What keeps me awake at night - It's dangerous to leave an empty suit in charge

Tes Editorial

I teach at a seaside school and the community is a melting pot, ranging from academics to ageing hippies. Some children come to school smelling of the smoke from their parents' "recreational" activities. It's that sort of place.

The students' behaviour often reflects their parents' attitude to authority, so you have to be a strong teacher. For example, when I started at this school, some 12-year-olds taunted and threw apple cores at me. This set the tone for what to expect in the future.

The principal is a slovenly, greasy-haired character who has been resting on his laurels for a number of years. He avoids confrontation with the parents at all costs and never supports the teachers when a problem occurs. Laughably, he is a teaching principal. Each week, his class runs amok. Discipline is a foreign concept.

I had the dreaded job of teaching the recorder to his class. On one particular day as I walked in, I saw that they were busy finishing an art project that required the use of Stanley knives. I could see they were enjoying it, and when they caught sight of me, they groaned.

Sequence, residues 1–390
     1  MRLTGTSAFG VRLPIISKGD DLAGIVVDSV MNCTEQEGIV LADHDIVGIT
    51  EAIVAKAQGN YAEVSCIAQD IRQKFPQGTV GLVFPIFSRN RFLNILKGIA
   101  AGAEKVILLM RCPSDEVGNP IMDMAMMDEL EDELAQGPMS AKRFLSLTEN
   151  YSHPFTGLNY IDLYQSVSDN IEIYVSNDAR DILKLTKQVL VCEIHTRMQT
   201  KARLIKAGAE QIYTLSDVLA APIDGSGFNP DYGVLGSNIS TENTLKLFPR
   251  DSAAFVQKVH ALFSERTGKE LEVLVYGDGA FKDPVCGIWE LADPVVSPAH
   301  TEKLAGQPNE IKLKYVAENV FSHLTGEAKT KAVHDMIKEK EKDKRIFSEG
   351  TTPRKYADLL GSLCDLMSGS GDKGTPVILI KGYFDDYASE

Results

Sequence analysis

I was annoyed, because the principal had just left the children to continue with their art instead of finishing the lesson in preparation for me. I was left with the job of persuading them to clean up.

One of the boys walked right up to me. He swiped the knife across my throat, and yelled, "I can kill you at any time!"

I was mortified but was able to calm him down and continue dazedly with the lesson.

When I reported the incident to the principal, his only reaction was that he wished it had been a different boy whom he wanted an excuse to get rid of.

No action was taken until the board insisted that the child be suspended for three days and apologise to me. By that stage, it was far too late for any punishment to be meaningful.

The writer is a teacher from New Zealand.

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